Soldier’s copy of the The Federalist fetches $95,600

A rare copy of “The Federalist” owned by a National Guard Captain, soon to be deployed to Iraq, blew past all estimates to sell for $95,600 (including buyer’s premium) this week in an online auction conducted by Heritage Auctions. The 1788 first edition of volume one of the two-volume collection of 85 articles advocates the ratification of the U.S. Constitution. It was auctioned on behalf of Indiana soldier, Nathan Harlan, 35, who purchased the book for $7 at a South Bend flea market as a junior in high school.

The Federalist Papers serve as a primary source for interpretation of the Constitution, and outline the philosophy and motivation of the proposed system of government.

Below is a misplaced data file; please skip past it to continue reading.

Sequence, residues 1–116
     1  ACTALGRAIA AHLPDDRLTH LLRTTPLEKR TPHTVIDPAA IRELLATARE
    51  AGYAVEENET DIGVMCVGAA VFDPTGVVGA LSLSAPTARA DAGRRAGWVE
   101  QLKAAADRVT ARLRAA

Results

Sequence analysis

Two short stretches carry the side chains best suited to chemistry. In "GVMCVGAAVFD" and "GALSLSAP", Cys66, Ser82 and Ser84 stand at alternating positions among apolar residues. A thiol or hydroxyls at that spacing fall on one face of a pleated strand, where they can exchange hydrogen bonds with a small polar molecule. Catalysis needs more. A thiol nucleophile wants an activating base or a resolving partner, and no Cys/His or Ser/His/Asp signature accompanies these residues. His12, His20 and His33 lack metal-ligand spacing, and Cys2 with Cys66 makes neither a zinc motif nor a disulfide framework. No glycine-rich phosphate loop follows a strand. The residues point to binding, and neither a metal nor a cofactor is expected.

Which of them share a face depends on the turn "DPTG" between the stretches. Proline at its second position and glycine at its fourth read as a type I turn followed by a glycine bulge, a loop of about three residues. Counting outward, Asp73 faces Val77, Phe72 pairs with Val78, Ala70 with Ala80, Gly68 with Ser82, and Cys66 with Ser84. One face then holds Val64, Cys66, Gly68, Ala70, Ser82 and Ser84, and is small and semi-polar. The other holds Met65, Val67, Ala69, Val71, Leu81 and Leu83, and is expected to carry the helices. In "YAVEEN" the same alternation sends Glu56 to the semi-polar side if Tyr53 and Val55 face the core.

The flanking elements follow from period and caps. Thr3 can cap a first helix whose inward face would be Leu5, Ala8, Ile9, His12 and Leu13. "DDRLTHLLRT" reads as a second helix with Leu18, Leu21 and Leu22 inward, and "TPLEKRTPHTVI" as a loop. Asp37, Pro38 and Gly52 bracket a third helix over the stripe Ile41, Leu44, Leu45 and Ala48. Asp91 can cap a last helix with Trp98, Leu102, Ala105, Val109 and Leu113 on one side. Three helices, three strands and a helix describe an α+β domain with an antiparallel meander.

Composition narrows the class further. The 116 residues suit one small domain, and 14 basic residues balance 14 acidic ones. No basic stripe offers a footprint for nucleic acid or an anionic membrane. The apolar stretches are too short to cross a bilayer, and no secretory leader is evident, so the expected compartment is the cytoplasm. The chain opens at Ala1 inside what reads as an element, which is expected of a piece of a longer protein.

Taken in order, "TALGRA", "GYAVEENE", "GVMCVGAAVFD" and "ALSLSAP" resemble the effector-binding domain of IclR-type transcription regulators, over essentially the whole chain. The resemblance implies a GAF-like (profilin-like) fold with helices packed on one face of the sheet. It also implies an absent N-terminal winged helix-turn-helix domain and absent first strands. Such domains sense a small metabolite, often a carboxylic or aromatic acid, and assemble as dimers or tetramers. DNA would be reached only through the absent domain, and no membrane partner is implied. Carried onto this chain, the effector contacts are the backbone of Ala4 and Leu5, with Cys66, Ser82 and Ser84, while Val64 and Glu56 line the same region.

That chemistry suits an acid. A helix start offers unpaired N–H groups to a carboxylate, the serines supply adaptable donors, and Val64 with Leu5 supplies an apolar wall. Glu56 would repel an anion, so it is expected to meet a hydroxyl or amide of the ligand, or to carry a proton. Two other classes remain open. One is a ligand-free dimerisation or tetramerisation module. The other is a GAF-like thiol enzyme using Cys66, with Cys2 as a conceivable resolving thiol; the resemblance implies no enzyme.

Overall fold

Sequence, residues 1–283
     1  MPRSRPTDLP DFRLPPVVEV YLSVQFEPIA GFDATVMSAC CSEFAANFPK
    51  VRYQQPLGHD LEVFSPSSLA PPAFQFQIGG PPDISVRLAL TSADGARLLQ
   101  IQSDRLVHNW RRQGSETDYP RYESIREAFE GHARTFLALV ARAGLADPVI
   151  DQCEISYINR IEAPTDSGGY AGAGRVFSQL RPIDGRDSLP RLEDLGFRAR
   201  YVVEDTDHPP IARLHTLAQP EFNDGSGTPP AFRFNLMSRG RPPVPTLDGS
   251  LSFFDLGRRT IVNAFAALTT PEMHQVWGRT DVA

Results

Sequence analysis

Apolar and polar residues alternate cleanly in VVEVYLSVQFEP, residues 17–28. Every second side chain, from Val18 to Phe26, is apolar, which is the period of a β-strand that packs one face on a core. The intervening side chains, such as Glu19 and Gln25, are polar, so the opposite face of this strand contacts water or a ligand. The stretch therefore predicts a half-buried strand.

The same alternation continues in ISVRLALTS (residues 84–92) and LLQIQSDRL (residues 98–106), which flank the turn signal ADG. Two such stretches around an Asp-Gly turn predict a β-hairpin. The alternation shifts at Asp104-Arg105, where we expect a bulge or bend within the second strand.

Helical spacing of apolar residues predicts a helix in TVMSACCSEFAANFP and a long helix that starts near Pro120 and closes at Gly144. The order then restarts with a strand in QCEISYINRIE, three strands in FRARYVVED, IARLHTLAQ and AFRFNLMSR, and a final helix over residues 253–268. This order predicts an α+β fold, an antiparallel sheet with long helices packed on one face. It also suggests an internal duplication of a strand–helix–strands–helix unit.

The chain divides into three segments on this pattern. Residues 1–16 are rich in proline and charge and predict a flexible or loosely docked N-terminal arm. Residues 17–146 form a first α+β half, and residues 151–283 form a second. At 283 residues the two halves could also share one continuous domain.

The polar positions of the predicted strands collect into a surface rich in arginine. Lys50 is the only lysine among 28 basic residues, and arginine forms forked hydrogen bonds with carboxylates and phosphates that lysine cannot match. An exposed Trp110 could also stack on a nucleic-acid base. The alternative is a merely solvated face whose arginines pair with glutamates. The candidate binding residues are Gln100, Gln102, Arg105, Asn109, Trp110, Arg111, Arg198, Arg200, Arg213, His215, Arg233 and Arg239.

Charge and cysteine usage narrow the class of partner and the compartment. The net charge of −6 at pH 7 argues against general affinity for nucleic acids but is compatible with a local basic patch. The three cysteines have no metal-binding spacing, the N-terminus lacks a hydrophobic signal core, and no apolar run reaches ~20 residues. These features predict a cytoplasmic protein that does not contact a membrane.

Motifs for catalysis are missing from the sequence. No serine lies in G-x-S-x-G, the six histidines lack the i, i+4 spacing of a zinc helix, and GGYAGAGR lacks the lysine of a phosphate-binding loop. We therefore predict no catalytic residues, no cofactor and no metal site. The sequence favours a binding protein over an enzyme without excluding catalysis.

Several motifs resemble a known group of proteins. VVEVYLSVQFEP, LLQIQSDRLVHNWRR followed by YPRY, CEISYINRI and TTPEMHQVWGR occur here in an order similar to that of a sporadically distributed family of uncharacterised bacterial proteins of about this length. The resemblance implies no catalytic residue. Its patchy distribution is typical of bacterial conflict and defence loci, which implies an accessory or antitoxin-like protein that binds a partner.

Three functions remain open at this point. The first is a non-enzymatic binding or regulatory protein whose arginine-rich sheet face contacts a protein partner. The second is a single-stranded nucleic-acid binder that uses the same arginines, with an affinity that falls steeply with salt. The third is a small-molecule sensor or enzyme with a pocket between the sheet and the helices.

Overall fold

All of the articles appeared under the pseudonym “Publius,” in honor of Roman consul Publius Valerius Publicola and published just months after the Constitution was drafted in September 1787 in Philadelphia. Fifty-one of the articles in the two-volume set were written by Alexander Hamilton, 29 articles by James Madison and five articles by John Jay.

Volume One contains 227-pages. It was estimated to sell for $8,000-$12,000, with an outside estimate of $20,000-$30,000.

Heritage is waiving its 20 percent commission in honor of Captain Nathan’s service. He is a member of the 38th Combat Aviation Brigade.

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The 1788 first edition of volume one of the two-volume collection of 85 articles advocates the ratification of the U.S. Constitution.

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